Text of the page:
This book offers original insights into a quirky quintet of naval heroes of the American Revolution. In ""Captains Contentious"" accomplished maritime historian Louis Arthur Norton observes that many of the captains of the Continental Navy were quite obstinate as compared to their British counterparts. In doing so Norton surveys the lives and military accomplishments of five captains in the nascent Continental Navy, investigating how their personality flaws both hindered their careers and enhanced their heroics in Revolutionary War combat. This psychohistorical approach brings to life the idiosyncratic personalities of John Manley, Silas Talbot, Dudley Saltonstall, Joshua Barney, and that most quarrelsome of characters, John Paul Jones. Norton's fast-paced account of intertwining naval actions also serves as a maritime history of the war as experienced by these men. Norton draws from a wealth of primary and secondary sources to present biographical sketches that illustrate the five captains' reckless bravado and frequent antagonism toward their fellow officers. Representing different colonies and originating from diverse social and economic backgrounds, this dysfunctional band of fractious mariners shared a common lust for glory and penchant for infighting as they pursued favor and rank at the expense of civility and cooperation. They were often at odds with the Continental Congress and Marine Committee that commanded them and openly feuded among themselves. Yet they still managed to achieve notable victories against superior British naval forces. To understand better how these naval heroes turned dysfunction into derring-do, Norton reads their distinctive personalities against the contrasting demeanor of their adversaries in the British ranks. He concludes with psychological inferences about the leadership qualities displayed by these captains, which proved to be strikingly valuable in sea combat. Norton's study offers new insights into the maritime history of the American Revolution as well as an original hypothesis about the psychological traits useful to good naval command.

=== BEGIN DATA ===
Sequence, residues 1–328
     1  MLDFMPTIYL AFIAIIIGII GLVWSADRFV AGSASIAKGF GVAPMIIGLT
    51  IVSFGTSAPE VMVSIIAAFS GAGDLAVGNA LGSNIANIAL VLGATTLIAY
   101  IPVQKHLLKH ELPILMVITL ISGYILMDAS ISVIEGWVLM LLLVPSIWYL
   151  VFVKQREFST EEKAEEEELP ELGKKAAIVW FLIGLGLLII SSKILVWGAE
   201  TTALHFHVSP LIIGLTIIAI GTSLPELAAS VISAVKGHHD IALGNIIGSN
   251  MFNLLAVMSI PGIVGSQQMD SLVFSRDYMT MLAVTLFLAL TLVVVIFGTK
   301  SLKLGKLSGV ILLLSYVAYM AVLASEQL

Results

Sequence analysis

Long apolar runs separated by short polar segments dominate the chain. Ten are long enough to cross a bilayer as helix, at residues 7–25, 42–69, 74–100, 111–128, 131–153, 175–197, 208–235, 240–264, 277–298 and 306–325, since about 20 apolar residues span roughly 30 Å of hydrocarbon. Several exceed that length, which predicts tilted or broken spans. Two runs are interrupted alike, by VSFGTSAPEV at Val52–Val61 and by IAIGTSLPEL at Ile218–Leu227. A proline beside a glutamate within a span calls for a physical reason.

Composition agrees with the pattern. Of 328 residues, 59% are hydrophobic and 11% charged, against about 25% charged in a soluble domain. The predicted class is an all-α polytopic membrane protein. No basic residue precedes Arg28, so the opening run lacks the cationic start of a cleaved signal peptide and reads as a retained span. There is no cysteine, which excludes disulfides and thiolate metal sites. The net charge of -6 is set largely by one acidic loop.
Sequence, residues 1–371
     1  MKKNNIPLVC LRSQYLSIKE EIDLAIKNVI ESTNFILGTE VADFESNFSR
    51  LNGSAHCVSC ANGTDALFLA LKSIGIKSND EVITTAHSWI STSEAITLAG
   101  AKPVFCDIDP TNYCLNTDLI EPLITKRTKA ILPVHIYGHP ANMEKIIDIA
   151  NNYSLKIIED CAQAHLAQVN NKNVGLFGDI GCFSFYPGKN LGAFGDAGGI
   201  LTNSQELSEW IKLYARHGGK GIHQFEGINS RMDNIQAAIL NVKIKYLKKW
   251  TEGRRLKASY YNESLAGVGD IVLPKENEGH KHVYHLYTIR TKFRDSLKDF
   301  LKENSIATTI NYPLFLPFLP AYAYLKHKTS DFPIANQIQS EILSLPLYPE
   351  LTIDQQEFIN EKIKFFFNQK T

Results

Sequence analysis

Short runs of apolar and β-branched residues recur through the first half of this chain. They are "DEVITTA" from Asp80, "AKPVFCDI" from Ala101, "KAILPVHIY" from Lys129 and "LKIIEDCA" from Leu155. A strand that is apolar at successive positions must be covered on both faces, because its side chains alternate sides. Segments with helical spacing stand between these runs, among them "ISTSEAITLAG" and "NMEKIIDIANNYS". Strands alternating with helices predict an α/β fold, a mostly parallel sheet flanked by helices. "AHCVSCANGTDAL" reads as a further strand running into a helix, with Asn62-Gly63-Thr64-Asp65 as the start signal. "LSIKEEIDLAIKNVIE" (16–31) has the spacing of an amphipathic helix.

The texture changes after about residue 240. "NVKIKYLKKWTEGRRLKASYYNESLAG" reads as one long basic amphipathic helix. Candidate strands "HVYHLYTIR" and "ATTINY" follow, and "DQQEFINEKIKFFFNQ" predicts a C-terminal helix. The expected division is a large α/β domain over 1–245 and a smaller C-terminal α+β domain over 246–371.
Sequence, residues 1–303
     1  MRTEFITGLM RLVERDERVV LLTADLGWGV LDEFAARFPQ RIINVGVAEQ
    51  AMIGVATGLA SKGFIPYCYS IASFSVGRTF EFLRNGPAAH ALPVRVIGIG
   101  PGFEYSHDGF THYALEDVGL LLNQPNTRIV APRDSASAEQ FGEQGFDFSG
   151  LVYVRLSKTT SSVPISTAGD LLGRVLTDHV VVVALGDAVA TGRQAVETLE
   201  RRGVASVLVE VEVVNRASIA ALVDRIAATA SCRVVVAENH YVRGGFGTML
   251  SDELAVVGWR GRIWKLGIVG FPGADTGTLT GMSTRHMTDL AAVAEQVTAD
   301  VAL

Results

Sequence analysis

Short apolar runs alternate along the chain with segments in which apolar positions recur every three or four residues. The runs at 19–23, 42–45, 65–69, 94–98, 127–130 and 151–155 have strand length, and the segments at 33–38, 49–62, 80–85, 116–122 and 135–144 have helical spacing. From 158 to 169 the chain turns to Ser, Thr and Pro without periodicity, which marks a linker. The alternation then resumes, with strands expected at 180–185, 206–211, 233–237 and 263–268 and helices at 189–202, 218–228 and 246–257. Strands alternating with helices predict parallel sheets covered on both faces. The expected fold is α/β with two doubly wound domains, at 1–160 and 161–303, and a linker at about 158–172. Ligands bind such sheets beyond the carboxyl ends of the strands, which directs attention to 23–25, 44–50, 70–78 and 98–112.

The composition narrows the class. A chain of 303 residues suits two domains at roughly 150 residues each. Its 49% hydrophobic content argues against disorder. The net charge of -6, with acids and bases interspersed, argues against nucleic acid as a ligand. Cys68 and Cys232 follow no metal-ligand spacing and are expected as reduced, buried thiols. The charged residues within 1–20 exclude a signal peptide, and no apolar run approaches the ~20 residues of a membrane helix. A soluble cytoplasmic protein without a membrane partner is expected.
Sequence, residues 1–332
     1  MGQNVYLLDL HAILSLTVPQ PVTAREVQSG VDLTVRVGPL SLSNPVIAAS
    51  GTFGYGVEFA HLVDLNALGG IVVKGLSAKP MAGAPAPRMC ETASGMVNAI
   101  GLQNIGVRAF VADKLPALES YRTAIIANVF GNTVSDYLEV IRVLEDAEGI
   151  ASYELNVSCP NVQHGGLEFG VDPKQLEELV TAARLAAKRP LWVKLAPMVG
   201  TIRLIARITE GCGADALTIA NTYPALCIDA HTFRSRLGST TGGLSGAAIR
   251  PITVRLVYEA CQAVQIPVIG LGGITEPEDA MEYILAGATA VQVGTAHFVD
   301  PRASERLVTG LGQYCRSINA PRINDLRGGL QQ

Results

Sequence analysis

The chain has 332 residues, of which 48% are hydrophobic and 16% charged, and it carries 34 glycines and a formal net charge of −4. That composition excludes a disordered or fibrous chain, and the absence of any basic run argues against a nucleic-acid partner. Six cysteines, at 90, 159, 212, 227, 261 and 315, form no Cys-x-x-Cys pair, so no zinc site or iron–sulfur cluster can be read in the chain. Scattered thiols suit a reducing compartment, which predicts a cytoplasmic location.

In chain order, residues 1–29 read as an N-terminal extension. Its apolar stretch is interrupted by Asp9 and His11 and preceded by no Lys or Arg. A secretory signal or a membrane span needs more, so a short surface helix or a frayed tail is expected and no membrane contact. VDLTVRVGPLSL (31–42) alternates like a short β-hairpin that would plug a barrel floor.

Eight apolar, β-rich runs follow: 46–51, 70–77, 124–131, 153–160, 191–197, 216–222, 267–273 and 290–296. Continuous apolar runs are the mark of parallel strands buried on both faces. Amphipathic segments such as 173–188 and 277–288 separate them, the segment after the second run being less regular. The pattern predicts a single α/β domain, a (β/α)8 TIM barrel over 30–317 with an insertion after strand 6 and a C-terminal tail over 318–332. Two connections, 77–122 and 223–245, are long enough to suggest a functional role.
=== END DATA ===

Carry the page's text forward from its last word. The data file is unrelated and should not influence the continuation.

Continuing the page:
A native of the old seaport of Gloucester, Massachusetts, Louis Arthur Norton is a professor emeritus at the University of Connecticut. Norton writes frequently on maritime history topics, and he was awarded the 2002 and 2006 Gerald E. Morris Prizes for maritime historiography for articles published in the Log of Mystic Seaport. His previous books are Joshua Barney: Hero of the Revolution and 1812, Sailors' Folk Art under Glass: A Story of Ships-in-Bottles, and the children's book New England's Stormalong.